Voice search and control is available on models from the UNH6400 series up, accessible by hitting the Voice button. I said "ESPN" and the system was smart enough to show me the channels that matched my search (ESPN News, ESPN HD, ESPN 2, and so on) rather than perform a Web search, for example. It worked just as well on some channels ("Sportsnet NY") but failed quite often ("A&E, "NHLNet HD"). It also handles a few preprogrammed commands and custom searches, from "Volume up" to "What's the weather in ___?" to "Anything interesting on tonight?" Its accuracy was very good, as long as I stuck to those phrases, but there were also plenty of failures. As with most of today's voice-control functions, you'll have to put up with more than a few misinterpretations or irrelevant results to go along with the times when it works as you'd expect. At least it's better than it used to be.
You can also perform a standard text search using an onscreen keyboard. Both text and voice searches for video titles hit your TV listings as as well as YouTube, Hulu Plus, Vudu, and CinemaNow. Samsung's search doesn't hit Netflix, Amazon Instant, or HBO Go, however, making it less useful overall than the universal search on Roku or even the Amazon Fire TV, for example.
Samsung's app selection is second to none, and it's still the only TV maker with HBO Go. Other notable apps among the hundreds available include Spotify, Pandora, Amazon Cloud Player, and AOL On. (Fios TV, available on 2013 models, is missing for now.) There's a Fitness VOD app with on-demand workouts, 35 different kid-specific apps, and many, many more. As you may have guessed, the Games page is just a subset of apps devoted to a handful of casual games you've never heard of; it replaces last year's largely useless Social page.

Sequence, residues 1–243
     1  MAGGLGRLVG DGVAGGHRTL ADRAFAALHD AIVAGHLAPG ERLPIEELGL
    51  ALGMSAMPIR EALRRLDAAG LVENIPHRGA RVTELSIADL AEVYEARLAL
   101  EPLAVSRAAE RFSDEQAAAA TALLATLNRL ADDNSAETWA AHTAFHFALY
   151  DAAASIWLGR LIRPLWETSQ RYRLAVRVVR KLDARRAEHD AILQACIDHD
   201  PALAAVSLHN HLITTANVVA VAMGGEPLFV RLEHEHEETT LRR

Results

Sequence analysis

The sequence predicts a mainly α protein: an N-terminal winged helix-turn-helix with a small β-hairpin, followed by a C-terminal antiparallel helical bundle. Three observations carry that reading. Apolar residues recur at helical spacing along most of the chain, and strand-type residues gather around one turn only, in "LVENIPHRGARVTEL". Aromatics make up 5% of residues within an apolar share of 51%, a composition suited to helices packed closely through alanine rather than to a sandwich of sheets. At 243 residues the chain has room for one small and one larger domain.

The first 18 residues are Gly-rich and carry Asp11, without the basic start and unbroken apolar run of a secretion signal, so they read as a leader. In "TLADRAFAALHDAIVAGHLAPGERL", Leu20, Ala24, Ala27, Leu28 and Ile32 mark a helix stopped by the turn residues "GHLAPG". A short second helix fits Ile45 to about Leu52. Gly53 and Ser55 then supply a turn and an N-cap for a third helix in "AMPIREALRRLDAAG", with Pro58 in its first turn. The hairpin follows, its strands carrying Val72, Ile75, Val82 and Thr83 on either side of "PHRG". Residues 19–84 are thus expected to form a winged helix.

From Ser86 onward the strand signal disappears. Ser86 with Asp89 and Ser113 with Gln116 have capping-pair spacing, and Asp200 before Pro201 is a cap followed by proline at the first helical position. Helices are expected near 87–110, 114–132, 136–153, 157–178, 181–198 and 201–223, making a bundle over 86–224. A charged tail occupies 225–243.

Cable box control: The default first page of the Smart TV interface is the On TV section. It basically attempts to replace your cable or satellite box's interface with the TV's own, which consists of six thumbnails of shows playing now and six more that start in the near future. It supposedly learns your preferences over time to figure out which shows to surface, although I did wish for some customization, especially the ability to have On TV show only HD channels. In addition you can use Samsung's own Guide to browse, and it's better than last year although still not nearly as good as the native Fios program guide on my box. I was particularly galled by the fact that no matter which channel I was tuned to, Samsung's guide always began at channel 2.
Personally I wouldn't normally use On TV to select my shows, because most of the TV I watch is stored on my DVR's hard drive. That list of recordings isn't incorporated into On TV at all, so On TV has no idea which of them I watch and can't make suggestions based upon them. For people like me, who almost never watch live TV, Samsung's interface falls short of the one on the box itself.
The TV controls your cable or satellite box via Samsung's own remote with commands routed through the included IR blaster (above). I didn't like the system quite as much in practice as I did LG's system from 2013, which is being largely carried over this year, but it roundly beats Sony's 2014 system. When controlling the cable box, the very slight delay between pressing a button and seeing the results onscreen was almost unnoticeable; the H6400 seemed seemed faster than on the H6350. That said it's still not as responsive as direct control via a universal or included cable box remote, especially when moving around the box's guide or menus.
If you do decide to use the TV to control your cable box, you'll find yourself visiting the onscreen remote a lot. As I mentioned it's better than Samsung's previous version, thanks to the ability to select and press the onscreen "keys" much more quickly than before, but it can't hold a candle to a good universal remote.
Accessing my list of recorded shows on the DVR was especially tedious. I had to press "Keypad" (which summons the virtual remote), then use the motion control select the "STB Menu" virtual key (the virtual key marked "DVR" didn't work), then use the four-way cursor to click down to "DVR," and then over to "View Recordings." Compare that to one press of the "DVR" button on a standard remote. For some reason the "Return" key also failed with my DVR, and I was annoyed that the Guide button summoned Samsung's own, not the one on my cable box. All of which goes to show that any control scheme is only as good as the commands included, and if it can't "learn" new or custom commands, more's the pity.